Take your load per tire (450#), multiplied by the max PSI of the tire (60), divide that by the max load of the tire (750), and you get what should be your correct PSI for maximum ride and wear quality.

450x60= 27000/750= 36PSI

So, in this case, your trailer will perform best with a tire pressure right around 36PSI.

This formula can be applied for any tire as long as you know the max weight, PSI, and the actual weight it will be carrying.

Hope this helps.


I understand the math (no problem) but it's stated in the HF manual that the tires must be inflated to 60psi.....there is no mention of changing the pressure to reflect the load....there have been instances of individuals on this board who have had tires disintegrate when they run them at less than 60psi......
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Postby Arne » Wed Sep 23, 2009 7:48 am

I run my h/f 1800# tires at 40# psi.

One way to check if there is too much squirm in the tire sidewall is simply to feel it.... if it is too hot, you have too much squirm and that is not good.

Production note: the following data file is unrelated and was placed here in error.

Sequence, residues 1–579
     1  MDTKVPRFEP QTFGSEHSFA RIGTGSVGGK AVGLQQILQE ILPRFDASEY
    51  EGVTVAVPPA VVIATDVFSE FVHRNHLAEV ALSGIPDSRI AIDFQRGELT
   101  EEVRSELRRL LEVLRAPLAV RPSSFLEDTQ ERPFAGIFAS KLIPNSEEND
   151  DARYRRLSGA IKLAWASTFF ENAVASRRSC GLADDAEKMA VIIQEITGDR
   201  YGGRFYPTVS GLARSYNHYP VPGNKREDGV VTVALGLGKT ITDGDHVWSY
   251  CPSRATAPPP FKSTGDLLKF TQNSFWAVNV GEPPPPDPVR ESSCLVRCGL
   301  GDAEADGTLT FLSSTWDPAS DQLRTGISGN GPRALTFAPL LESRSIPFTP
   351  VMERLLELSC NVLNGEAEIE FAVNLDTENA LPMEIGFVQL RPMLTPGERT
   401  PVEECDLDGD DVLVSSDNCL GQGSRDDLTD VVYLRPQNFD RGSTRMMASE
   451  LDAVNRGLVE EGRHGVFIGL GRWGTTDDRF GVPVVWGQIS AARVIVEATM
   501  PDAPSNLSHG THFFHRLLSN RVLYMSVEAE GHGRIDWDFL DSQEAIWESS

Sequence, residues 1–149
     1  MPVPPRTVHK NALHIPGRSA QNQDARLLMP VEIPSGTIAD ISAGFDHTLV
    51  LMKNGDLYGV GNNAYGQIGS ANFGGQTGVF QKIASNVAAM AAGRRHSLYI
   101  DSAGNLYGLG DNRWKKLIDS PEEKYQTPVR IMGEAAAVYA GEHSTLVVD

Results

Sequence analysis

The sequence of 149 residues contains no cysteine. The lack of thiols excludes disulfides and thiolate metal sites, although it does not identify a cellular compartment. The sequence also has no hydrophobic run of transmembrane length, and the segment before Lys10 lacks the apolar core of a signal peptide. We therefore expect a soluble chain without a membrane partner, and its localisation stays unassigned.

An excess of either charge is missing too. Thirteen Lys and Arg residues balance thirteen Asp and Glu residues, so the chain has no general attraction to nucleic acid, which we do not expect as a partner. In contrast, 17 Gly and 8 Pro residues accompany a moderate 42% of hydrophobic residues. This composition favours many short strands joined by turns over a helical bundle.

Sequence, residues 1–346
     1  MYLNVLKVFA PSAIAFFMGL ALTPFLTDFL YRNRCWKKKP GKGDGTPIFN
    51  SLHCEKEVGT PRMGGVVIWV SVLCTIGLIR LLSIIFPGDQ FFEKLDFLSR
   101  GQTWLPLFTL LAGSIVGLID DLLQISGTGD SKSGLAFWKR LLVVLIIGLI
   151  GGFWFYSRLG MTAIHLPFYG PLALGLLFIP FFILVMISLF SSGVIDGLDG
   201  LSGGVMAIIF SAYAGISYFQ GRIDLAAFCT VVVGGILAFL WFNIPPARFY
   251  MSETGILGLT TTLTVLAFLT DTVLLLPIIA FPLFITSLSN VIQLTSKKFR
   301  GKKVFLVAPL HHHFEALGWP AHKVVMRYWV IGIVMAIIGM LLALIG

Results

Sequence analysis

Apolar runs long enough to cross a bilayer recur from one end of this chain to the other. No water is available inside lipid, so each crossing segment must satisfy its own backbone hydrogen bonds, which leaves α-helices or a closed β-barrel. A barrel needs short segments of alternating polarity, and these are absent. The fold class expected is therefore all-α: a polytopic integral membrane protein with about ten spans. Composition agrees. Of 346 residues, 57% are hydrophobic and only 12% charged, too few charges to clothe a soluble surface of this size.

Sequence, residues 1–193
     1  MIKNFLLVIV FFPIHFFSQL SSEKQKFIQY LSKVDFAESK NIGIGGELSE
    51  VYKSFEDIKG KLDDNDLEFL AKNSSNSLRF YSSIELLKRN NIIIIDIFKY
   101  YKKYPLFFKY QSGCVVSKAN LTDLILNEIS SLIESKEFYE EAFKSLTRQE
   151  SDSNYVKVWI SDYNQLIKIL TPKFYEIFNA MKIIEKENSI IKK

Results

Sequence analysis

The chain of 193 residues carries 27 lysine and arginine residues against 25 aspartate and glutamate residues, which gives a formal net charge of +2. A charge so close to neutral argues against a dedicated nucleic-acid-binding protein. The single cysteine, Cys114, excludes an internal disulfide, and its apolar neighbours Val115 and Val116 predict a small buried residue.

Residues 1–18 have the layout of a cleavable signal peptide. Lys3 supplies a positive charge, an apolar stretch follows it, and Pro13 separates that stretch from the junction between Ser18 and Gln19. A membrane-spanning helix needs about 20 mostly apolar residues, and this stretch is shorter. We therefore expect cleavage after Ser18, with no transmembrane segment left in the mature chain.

I compare how my t/d tires feel to how my car tires feel. My trailer tires are cooler, so I'm not concerned... also, I've run this type of t/d tire at 40# for over 30,000 miles and have never had a failure.

my t/d weighs 1,100#
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Postby clarkbre » Wed Sep 23, 2009 9:35 am

Creamcracker wrote:
I understand the math (no problem) but it's stated in the HF manual that the tires must be inflated to 60psi.....there is no mention of changing the pressure to reflect the load....there have been instances of individuals on this board who have had tires disintegrate when they run them at less than 60psi......
Philip


The HF manual may say 60psi; however, it says that so when the trailer is fully loaded and the manufacturers GTW is at its maximum you dont have a tire blow out.